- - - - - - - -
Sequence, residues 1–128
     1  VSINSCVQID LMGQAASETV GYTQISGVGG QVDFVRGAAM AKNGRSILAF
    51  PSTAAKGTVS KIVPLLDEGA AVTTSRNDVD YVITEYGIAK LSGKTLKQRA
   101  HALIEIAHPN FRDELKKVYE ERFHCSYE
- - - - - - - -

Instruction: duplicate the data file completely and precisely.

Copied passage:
Sequence, residues 1–128
     1  VSINSCVQID LMGQAASETV GYTQISGVGG QVDFVRGAAM AKNGRSILAF
    51  PSTAAKGTVS KIVPLLDEGA AVTTSRNDVD YVITEYGIAK LSGKTLKQRA
   101  HALIEIAHPN FRDELKKVYE ERFHCSYE